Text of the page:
28 Jul How Structured Settlement Annuities Work
If you ever win a lawsuit or out-of-court settlement due to employer misconduct, medical malpractice, or some other form of negligence, don’t expect to see your compensation anytime soon. Unfortunately, settlement money can take quite a while to receive; in the meantime, claimants have to wait it out, which — especially for those who have injuries and therefore are unable to work — can be a major hassle.
Fortunately, there is an option available in the United States for people stuck in this situation: structured settlement annuities (SSA). They are the leading alternative to waiting for the courts to pay up. Why? Not only are they tax-free and encouraged by the federal government, they can provide your rightful compensation much faster and more effectively than the courts can. Moreover, they are ideal for claimants under 18; with SSAs, the money is kept secured for them until they are old enough to manage it themselves.
It’s no wonder that courts almost always approve of SSAs.
There are two major kinds of structured settlement annuities. An “immediate” SSA is one where the claimant starts receiving compensation immediately (or as close to it as possible). In contrast, a “deferred” SSA only beings payout out after a pre-settled amount of time. Similar to a retirement or pension plan, deferred SSAs hold on to the money, in order to let it accrue interest and other benefits. Payment plans for SSAs can be spread out to the client’s liking. A lump sum payment is possible, but clients who want to receive a steady source of income can make a SSA stretch for 20, 30, or 40 years — even for life! In fact, “Lifetime” annuities happen to be the most popular.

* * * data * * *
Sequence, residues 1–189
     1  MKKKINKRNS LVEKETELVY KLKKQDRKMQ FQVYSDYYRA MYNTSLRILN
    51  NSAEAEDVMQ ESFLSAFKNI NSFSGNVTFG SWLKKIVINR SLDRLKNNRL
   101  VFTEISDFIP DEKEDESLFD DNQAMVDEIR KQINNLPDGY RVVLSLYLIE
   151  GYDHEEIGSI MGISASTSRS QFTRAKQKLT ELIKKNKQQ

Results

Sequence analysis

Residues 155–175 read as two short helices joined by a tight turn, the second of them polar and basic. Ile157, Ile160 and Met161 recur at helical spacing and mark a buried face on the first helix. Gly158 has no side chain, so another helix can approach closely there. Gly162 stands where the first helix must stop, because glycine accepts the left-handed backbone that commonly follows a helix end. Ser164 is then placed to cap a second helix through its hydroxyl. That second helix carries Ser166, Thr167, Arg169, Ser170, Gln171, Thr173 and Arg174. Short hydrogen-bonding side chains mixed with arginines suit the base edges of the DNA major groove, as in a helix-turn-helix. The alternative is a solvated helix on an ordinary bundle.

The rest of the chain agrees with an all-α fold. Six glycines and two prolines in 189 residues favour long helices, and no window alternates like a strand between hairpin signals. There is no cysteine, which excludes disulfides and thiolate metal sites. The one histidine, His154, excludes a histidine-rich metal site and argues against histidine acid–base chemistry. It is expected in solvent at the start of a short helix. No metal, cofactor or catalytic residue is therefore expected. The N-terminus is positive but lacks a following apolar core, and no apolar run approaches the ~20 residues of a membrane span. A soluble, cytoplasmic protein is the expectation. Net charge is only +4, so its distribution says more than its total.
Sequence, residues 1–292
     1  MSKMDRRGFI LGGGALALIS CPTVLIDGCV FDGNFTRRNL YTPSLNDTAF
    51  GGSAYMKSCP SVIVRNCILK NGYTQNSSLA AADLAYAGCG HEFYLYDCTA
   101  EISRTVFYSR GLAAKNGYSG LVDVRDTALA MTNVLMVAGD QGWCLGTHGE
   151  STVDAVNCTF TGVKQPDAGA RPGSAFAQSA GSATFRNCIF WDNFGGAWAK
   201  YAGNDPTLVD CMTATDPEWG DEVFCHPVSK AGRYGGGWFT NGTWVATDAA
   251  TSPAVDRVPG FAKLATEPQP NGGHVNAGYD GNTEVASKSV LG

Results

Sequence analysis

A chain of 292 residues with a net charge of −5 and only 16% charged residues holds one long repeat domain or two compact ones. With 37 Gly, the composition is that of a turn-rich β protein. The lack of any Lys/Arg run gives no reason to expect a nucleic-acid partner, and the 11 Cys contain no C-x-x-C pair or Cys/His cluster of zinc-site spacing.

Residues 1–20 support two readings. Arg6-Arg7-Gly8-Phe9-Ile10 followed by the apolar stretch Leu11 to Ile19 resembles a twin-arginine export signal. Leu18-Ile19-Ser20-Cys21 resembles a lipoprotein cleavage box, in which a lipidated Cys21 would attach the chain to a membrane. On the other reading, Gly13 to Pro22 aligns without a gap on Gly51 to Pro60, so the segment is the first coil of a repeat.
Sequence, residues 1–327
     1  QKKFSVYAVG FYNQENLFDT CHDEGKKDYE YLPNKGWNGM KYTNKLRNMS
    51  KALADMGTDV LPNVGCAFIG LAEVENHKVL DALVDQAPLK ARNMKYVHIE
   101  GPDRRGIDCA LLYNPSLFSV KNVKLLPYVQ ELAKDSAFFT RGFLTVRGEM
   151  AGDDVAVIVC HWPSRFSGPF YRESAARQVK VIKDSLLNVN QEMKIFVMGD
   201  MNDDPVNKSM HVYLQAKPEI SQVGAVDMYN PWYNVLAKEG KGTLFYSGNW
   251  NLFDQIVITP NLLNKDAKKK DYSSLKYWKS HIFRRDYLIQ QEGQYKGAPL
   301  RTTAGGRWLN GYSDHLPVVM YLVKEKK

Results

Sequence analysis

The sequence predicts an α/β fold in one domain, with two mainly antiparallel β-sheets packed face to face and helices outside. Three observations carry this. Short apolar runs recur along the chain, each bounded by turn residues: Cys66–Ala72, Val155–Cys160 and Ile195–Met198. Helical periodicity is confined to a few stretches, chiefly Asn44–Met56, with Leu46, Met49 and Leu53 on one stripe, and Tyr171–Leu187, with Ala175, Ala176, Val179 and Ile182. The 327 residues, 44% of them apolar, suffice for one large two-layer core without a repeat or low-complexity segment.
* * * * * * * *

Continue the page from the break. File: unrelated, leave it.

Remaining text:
The federal government prefers SSAs and has offered the option since the 1970s. In the Periodic Payment Settlement Tax Act of 1982 (Public Law 97-473), Congress encouraged the use of SSAs (as well as regular structured settlements) to better cover injuries at the workplace. In the Taxpayer Relief Act of 1997, SSA benefits were extended to worker’s compensation cases, making it easier for workers injured on the job to receive funds.
In terms of how much a SSA “costs,” deferred annuities (such as fixed, fixed indexed, and variable) usually give the salesperson or financial advisor responsible for the deal 1-10% of the invested amount as a “sales fee” of sorts.